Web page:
While gaming PCs’ grilles are primarily designed only for aesthetics, sports cars, and now workstations, grilles also significantly affect how the air enters the hot area by stabilizing the airflow. The more stable the airflow, the more controllable it becomes afterward. The ThinkStation 5U chassis also fits in racks if you like to stack your computing assets neatly and if you can afford to buy several of these (the computer weighs 70 Lbs, fully loaded).
I’ll let you judge the beauty of the toolless chassis design, but I think it is gorgeous and looks more luxurious in the real world than the marketing renderings.
I jokingly mentioned to Rob Herman, VP & GM, Workstation & Client AI Group at Lenovo, that Lenovo would probably make a killing if it were to sell the empty chassis to gamers. Interestingly enough, one of the first comments in the official youtube video was “Amazing PC Case Design!.”
DreamWorks will procure these workstations for their creative workforce to be used as desktop computers because having a supercomputer on one’s desk is conducive to higher productivity as highly-qualified workers don’t have to wait (as long) for rendering or animations to be computed.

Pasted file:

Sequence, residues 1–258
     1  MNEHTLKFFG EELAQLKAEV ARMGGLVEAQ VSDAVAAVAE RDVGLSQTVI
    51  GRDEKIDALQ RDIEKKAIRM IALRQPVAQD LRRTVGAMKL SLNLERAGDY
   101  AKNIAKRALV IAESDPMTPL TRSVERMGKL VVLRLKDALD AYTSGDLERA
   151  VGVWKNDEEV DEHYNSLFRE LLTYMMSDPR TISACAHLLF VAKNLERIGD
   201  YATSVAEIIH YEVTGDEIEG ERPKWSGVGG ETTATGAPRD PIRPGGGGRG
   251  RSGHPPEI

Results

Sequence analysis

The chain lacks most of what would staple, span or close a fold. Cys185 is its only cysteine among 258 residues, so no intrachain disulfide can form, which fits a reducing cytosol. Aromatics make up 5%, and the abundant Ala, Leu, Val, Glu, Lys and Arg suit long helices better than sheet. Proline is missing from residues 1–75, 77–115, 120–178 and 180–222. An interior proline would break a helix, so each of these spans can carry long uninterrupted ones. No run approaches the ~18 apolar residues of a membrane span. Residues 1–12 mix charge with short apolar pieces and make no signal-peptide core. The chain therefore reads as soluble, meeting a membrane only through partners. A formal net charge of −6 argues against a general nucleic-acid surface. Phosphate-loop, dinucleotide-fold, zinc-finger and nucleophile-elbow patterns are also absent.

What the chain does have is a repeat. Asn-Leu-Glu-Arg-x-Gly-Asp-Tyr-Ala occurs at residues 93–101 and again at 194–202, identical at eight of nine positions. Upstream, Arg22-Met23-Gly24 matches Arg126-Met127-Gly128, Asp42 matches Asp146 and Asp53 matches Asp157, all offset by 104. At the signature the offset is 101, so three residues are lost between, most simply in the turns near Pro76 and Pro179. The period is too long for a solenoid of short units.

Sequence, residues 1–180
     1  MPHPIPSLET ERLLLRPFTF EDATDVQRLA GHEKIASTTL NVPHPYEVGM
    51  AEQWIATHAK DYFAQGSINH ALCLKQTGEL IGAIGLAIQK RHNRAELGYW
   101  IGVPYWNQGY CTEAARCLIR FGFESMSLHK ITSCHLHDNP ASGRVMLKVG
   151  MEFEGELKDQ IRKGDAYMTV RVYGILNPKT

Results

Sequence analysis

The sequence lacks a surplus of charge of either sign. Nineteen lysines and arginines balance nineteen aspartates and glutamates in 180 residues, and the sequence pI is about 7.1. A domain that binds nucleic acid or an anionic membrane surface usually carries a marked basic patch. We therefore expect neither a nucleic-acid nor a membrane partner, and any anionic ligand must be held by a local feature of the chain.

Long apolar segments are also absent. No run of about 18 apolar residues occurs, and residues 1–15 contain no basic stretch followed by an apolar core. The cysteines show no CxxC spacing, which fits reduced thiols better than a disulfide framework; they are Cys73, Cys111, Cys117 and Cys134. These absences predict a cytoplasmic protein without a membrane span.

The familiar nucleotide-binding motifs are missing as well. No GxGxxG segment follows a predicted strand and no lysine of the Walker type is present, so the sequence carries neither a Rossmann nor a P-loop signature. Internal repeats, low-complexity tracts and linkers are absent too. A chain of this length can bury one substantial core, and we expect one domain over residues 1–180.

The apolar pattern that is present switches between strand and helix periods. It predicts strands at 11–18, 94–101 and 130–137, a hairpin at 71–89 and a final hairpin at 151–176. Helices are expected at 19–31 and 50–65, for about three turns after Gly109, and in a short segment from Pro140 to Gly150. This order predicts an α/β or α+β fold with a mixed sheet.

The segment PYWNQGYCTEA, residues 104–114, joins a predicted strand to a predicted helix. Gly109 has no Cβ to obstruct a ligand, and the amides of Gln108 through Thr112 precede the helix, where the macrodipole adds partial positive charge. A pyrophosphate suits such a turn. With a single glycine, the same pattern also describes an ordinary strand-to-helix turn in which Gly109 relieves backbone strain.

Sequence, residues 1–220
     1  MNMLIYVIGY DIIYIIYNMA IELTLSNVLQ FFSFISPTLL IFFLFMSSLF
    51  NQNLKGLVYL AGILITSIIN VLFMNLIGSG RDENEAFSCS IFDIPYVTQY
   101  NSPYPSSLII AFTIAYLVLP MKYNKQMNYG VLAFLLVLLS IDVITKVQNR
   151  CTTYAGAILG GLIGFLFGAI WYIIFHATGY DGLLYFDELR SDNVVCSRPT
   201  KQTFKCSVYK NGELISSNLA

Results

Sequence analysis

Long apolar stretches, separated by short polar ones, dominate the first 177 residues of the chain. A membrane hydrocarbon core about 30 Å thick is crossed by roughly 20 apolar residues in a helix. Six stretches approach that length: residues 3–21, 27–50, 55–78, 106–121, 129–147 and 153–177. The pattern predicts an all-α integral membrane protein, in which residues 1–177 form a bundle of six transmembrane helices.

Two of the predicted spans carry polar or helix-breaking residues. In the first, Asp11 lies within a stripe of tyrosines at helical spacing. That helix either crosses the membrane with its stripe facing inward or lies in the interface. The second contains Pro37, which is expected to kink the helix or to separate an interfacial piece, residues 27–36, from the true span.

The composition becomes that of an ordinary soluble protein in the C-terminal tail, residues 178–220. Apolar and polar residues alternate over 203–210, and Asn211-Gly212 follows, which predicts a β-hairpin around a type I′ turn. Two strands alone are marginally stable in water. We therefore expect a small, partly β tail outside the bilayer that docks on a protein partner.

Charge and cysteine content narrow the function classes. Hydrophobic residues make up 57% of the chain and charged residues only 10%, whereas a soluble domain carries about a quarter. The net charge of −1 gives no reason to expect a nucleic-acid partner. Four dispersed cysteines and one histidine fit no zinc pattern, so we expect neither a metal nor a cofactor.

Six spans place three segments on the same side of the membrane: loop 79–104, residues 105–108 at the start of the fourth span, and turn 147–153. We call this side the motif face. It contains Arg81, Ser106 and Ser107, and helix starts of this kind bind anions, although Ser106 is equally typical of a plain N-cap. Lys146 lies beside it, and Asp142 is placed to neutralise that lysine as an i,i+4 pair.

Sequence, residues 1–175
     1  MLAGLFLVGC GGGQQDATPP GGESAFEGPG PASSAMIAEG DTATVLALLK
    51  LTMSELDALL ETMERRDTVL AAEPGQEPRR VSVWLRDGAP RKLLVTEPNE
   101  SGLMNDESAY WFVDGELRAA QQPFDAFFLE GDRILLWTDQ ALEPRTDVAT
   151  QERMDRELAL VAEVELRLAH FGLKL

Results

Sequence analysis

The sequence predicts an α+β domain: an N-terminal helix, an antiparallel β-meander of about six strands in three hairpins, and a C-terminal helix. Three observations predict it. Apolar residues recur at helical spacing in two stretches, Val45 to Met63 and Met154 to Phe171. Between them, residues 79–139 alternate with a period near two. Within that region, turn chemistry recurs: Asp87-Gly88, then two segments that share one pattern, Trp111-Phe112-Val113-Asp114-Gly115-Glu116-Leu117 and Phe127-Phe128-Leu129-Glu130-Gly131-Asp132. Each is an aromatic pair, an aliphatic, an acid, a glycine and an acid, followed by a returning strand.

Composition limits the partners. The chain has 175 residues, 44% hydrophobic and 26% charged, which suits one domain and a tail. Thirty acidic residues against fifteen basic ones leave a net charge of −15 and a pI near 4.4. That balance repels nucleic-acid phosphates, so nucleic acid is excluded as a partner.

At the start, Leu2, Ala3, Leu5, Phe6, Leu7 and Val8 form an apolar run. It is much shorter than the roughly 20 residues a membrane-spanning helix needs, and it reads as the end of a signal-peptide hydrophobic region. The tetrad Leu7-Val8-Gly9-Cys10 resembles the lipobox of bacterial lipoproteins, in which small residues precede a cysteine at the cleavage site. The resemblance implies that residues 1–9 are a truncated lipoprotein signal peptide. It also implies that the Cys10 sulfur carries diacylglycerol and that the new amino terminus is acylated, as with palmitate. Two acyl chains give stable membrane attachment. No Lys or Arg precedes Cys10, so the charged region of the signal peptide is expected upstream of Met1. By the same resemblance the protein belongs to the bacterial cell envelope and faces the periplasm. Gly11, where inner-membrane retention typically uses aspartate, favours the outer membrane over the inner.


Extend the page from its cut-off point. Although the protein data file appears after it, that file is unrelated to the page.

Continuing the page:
However, when employees aren’t using the workstations, the desktop workstations can combine their computing power with others over the network in a “rendering farm,” which is a group of computers working on a common [3D] rendering job. That way, DreamWorks gets maximum hardware utilization to recoup its investment.
The Lenovo ThinkStation P7 and P5 are smaller and more compact variants of the new ThinkStation series to cover a vast array of perhaps less extreme computing needs. However, they remain very capable systems with many of the same design DNA.
You can check the complete specs to see the minute details, but at a high level, the ThinkStation P7 has ~65% of the computing of the PX, while the P5 has ~65% of the computing power of the P7.
All workstations pursue a similar goal of maximum productivity, resiliency, and future-proofing (with good expansion options), but at different price points and footprints.
The workstations will become available in May and will likely displace some of the existing ones if you want to speculate on how much they cost. At this time, no official pricing has been communicated by Lenovo.